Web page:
Six Cases Of CPR-Induced Consciousness In Witnessed Cardiac Arrest
1) Emergency Department, Policlinico Casilino, Rome, Italy
2) Emergency Department, University Hospital of Padua, Italy
3) Emergency Department, Ospedale Sant’Antonio, Padua, Italy
In a systematic review made by Olaussen, ten cases of CPR-IC are analyzed: a very variable management is observed, with physical or chemical restraints in six patients and no sedation in the remaining four. The authors also hope for an integration of existing guidelines with identification and management of CPR-IC .
Considering the increased attention to prompt initiation of high quality CPR and the diffusion of automatic CPR devices this phenomenon could become more frequent, especially in
cases of bystander witnessed prehospital or intrahospital cardiac arrest. For this reasons the Nebraska Emergency Medical Services has established a sedation protocol for CPR-IC .
granted an exemption from requiring ethics approval.
Consciousness management in these situations is not well known by health-care providers. It could be reasonably considered an index of excellent CPR quality and brain perfusion, although there is no evidence at the moment that could associate it with survival and prognosis. In our experience, four on six patients survived cardiac arrest without neurological impairments after 20 minutes of CPR: further studies are needed to assess these aspects, because it could be considered a reason to prolong resuscitation with the integration, for example, of extra-corporeal circulation (ECMO).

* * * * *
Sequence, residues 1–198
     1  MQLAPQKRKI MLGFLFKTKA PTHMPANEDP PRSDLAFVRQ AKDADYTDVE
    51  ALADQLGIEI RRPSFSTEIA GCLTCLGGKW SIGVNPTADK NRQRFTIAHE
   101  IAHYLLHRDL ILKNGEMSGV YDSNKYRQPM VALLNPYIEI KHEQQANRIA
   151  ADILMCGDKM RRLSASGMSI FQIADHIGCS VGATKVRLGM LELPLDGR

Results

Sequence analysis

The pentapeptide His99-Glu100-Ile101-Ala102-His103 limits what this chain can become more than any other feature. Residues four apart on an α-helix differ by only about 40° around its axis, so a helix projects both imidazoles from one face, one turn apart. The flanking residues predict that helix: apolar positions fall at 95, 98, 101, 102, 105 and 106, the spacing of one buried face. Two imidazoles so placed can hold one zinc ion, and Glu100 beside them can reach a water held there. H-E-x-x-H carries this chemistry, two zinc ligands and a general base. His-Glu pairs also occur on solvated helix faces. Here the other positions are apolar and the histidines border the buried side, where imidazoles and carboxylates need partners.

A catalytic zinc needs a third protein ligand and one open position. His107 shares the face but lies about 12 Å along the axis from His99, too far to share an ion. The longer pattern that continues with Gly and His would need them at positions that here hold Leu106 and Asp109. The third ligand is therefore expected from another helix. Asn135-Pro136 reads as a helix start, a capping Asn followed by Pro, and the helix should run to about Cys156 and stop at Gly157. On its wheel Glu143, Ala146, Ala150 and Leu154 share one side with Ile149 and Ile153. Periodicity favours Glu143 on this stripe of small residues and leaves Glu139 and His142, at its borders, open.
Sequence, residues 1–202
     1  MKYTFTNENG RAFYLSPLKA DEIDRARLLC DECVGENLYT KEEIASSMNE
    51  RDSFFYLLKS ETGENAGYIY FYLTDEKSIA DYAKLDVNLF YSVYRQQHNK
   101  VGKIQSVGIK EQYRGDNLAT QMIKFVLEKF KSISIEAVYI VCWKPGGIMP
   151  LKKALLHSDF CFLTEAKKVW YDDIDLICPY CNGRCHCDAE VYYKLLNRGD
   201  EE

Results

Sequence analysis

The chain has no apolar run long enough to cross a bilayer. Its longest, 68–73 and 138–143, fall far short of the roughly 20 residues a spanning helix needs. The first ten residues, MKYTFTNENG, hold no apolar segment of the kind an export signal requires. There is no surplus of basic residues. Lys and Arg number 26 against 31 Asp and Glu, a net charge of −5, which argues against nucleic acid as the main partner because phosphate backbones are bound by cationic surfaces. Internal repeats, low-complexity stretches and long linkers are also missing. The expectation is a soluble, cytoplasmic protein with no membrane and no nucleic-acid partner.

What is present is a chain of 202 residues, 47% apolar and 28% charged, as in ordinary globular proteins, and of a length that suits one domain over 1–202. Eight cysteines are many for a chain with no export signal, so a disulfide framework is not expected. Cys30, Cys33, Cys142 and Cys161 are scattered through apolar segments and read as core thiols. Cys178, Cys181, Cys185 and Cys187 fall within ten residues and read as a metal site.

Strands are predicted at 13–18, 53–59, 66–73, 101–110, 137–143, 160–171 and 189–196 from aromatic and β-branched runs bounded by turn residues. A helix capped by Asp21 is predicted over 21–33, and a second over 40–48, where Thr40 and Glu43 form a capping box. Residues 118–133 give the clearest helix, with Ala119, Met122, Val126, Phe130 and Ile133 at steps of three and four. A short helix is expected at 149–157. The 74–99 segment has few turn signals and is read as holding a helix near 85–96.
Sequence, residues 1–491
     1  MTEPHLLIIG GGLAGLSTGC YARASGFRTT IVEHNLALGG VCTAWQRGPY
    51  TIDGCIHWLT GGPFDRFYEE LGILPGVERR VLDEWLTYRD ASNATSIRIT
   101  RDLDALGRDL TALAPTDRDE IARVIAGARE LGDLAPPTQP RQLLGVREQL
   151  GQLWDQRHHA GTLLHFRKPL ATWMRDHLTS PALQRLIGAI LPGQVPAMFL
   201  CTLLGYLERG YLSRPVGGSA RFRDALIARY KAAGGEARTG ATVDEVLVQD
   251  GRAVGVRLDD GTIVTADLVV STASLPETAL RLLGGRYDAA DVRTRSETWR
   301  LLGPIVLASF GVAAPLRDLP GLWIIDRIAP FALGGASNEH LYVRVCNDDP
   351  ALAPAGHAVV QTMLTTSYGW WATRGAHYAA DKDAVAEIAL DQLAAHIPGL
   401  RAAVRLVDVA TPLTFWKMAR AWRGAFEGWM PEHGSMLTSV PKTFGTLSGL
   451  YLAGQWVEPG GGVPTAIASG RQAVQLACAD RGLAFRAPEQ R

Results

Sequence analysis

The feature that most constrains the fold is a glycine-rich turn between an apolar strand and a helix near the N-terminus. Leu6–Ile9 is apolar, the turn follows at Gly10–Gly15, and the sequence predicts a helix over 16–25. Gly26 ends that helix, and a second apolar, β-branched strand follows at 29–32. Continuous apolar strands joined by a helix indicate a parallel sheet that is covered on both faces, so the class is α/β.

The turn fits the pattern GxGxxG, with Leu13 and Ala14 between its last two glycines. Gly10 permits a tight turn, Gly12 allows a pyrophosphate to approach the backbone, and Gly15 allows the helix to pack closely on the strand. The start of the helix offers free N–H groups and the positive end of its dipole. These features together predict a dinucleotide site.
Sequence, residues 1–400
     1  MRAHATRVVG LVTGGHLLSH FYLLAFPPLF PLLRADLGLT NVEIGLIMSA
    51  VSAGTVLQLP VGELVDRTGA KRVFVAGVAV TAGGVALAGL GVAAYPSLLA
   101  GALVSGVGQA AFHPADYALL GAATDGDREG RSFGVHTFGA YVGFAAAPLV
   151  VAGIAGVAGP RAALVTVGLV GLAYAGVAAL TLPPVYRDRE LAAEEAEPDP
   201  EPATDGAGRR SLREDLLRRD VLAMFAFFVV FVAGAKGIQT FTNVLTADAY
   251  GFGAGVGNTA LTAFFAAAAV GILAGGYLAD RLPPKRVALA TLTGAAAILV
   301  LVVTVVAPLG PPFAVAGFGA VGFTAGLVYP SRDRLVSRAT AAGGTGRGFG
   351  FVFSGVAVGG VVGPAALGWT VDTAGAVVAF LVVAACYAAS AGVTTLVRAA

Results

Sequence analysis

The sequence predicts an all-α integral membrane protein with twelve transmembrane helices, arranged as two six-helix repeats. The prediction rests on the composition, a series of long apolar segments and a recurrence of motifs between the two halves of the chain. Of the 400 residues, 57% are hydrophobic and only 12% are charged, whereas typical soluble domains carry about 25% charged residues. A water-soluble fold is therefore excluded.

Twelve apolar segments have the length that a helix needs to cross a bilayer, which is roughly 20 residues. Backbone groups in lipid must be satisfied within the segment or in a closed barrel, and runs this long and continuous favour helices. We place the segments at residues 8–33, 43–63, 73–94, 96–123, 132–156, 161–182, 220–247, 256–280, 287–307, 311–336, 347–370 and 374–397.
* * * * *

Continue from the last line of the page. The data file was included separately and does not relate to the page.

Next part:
We started manual CCs within 30 seconds from witnessed cardiac arrest. During the first cycles of cardiac arrest algorithm we stopped CPR several times because of misinterpretation with a return of spontaneous circulation (ROSC). After recognizing this situation as CPR-IC we strictly applied ACLS protocol , with rhythm check every 2 minutes. For consciousness management we performed physical restraint and/or analgesia (table 1), although it is not clearly defined in current cardiopulmonary resuscitation guidelines ; similar management strategies are reported by Olaussenn . The Gordian knot is how to promptly recognize differences between vital signs due to ROSC or to CPR-Induced consciousness. In order to solve it, recommendations for the management of CPR-IC should be implemented, with a special focus on sedation.
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